It all sounds so wonderful! I’m so pleased that everyone was so nice, and that your mom was honored – it sounds like a dream. I’m also glad that you were able to come to the rescue and read some of her poems, too. Loved your descriptions of the food – what a wonderful “add-on” to so much fun already! And so happy that people took you both under their wings and made things work so well for you. It sounds like it was everything it should have been and more, and what more could we wish for you?

    I hope you do, indeed, go back next year with your own book, but don’t put pressure on yourself – if it’s two years away, so be it….

    I’ve had a little bit of experience with the book-signing. My business partner and I put together a book on a friend’s collection of needlework samplers, and to launch the book, we came to San Francisco (where she lives) and did a few book-signings in different places. The first was at Hospice in San Mateo, where all the profits went – it was her favorite charity. She sold a lot of books there, and for each one she signed, she must have written half a page! She is such a gracious lady – she wouldn’t be rushed, she gave each person her undivided attention, and wrote such lovely inscriptions – each different and personal – that I know she endeared herself to them forever. She stayed and wrote for hours… At the last shop, even after she’d signed books for everyone who was there, and some who had called in orders but couldn’t make it, she was asked to sign a number for the shop to have. She wrote an inscription that was much more than her name, but I can’t recall now what it was – but she wouldn’t hear of just putting her name, even for people she would never meet!

    A few years later, another friend wrote a wonderful book that Becky and I laid out, designed and published. This was a big, serious book, and we are quite rightly proud of this accomplishment. For that, we also had a small “launch” and the author signed books for hours – she was so excited that anyone wanted her autograph! For both of those, I always felt good that we were able to give these two ladies something that they’d remember forever.

    Next, it will be your turn!

  13. Julie says:

    Millie, thanks for all the questions about my fall adventure – the answers are hidden away in previous pages, but I don’t want you to have to go looking for them, haha. The Jane Austen general meeting was held in Louisville, KY, which turns out to be a very beautiful place – who knew? Rolling countrysides – you can see why this is where they have all the thoroughbred horses! My talk went well – and in fact, if anyone’s interested, you can read a version of it here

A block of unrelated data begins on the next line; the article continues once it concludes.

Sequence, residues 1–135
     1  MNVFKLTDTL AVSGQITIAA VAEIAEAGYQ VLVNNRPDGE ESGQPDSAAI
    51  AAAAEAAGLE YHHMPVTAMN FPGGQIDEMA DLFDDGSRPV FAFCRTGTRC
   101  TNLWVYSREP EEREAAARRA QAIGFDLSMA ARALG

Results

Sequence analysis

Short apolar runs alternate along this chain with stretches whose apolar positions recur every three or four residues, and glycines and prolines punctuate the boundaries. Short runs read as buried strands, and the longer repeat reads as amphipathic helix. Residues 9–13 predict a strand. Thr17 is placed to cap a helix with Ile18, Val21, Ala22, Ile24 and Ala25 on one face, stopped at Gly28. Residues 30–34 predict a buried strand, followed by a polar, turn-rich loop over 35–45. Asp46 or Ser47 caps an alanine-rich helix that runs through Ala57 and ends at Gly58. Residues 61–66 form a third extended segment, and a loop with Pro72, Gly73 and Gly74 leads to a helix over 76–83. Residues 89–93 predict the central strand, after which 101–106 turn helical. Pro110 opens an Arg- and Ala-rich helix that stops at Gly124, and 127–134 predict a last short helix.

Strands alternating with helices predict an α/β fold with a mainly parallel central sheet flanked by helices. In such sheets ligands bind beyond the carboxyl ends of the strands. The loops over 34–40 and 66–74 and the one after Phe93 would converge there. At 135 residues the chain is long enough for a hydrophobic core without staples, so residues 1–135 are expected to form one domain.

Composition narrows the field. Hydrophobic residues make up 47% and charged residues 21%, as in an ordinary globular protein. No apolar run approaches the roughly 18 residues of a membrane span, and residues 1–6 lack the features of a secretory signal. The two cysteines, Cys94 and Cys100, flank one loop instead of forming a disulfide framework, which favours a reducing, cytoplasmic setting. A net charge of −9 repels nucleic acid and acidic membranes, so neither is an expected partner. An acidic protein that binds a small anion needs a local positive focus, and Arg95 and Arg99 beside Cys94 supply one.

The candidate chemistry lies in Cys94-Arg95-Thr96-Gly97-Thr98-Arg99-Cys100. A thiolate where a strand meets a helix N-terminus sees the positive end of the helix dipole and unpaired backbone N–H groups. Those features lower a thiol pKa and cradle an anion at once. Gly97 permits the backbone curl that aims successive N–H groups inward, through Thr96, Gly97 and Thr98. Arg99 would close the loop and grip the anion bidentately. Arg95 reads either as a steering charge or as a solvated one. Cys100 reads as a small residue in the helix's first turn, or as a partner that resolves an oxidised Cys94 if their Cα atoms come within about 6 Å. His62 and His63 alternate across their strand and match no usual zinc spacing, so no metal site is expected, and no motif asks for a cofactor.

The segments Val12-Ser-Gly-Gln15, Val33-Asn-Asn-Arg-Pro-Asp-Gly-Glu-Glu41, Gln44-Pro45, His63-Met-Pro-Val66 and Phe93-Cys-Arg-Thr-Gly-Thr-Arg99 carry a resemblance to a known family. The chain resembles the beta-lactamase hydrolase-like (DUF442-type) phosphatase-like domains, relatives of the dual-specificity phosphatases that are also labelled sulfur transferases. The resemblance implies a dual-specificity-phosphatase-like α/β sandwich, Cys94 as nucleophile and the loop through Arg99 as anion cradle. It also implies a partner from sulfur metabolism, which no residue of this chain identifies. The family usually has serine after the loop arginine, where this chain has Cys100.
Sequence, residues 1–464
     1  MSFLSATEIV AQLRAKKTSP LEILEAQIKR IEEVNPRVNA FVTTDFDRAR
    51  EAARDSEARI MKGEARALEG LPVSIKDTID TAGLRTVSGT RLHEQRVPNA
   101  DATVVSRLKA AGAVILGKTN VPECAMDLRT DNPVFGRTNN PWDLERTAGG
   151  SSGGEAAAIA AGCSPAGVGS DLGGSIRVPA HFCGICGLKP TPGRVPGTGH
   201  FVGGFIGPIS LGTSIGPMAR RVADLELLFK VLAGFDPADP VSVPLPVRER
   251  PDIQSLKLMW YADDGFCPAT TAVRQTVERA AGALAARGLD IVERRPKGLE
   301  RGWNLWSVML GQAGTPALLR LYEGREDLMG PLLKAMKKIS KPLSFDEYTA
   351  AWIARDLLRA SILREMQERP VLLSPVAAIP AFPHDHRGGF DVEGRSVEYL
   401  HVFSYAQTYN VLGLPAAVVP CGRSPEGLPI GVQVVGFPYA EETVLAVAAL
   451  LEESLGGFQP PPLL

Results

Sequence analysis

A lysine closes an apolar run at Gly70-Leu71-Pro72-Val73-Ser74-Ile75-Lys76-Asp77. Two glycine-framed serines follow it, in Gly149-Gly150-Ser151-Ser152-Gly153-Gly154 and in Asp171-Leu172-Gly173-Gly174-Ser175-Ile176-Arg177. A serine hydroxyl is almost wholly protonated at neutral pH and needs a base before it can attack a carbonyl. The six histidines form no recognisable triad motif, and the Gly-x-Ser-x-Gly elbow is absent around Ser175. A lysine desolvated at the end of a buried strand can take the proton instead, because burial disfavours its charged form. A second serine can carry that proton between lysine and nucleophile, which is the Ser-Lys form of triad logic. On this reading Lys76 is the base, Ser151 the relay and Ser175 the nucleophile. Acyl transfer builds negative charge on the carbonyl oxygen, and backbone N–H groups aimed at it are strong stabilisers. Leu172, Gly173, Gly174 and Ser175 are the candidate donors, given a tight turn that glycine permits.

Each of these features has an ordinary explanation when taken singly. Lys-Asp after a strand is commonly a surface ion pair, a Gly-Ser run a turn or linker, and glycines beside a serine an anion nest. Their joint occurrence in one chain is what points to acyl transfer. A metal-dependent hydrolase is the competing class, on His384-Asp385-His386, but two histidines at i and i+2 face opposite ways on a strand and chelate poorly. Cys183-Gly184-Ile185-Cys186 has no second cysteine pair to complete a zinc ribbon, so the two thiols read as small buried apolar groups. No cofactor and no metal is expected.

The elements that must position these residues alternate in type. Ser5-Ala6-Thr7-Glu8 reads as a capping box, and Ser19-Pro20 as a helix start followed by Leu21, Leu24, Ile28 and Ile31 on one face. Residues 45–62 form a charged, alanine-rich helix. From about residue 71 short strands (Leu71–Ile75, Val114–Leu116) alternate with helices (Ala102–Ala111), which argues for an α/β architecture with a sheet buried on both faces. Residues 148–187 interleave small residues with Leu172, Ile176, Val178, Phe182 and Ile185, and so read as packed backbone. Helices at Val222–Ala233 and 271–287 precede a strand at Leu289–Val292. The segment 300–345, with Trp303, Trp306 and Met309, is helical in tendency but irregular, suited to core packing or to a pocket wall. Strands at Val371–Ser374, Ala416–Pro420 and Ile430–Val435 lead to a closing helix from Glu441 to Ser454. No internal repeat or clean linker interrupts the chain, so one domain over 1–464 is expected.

– my writer friend asked if she could put it on my blog after the event! She is such a lovely person. Proofreading for her has been so good – she is so thankful, and I love her writing very much, so that works out really well. As well, she’s a member of JASNA (Jane Austen Society of North America) and I got to meet her in Louisville – in fact, we spent some time together, and it was wonderful.

    Besides the talk, there was the even itself – 1000 people attended the ball on Saturday night – and I think fully half of them dressed in period garb! It was wonderful. My dress was ready to pick up practically on my way to the airport – and it was so beautiful! I didn’t do it justice, but it was fun to wear, and I got compliments galore on it. Here’s a pic of me and the author friend. She has a funny kind of bump-out at her rear end – it’s where she has her train hiked up and held out of her way by a little piece of the design – very clever – she made her gorgeous red dress herself!

    I think that link works, though we had trouble finding one that did.

    Here is a little bit of film of the ball – so very fun, though I just watched.

  14. Julie says:

    Millie – I wrote a long answer to some of your questions about how things went, but because I had some links in there, the comment “awaits moderation”. So, if they don’t go through – you can email me at and I can send you links to see “the dress” as well as a link to a blog post that outlines my talk, and another to a little bit of film showing the ball at the event, with so many in costume.

  15. Millie says:

    Thank you so much for sharing your adventure, Julie. You look glorious in your dress. And your talk was fascinating. At least to me who loves needlework. My jaw dropped at the white cut work, pulled and drawn thread sampler done by a child! I haven’t mastered that but my mom has beautiful table cloths embellished that way along with embroidery. I’m so jealous you’ve been to the Victoria and Albert Museum. It’s been on my bucket list for years. And the video of the dancing was a treat. Wish we lived closer.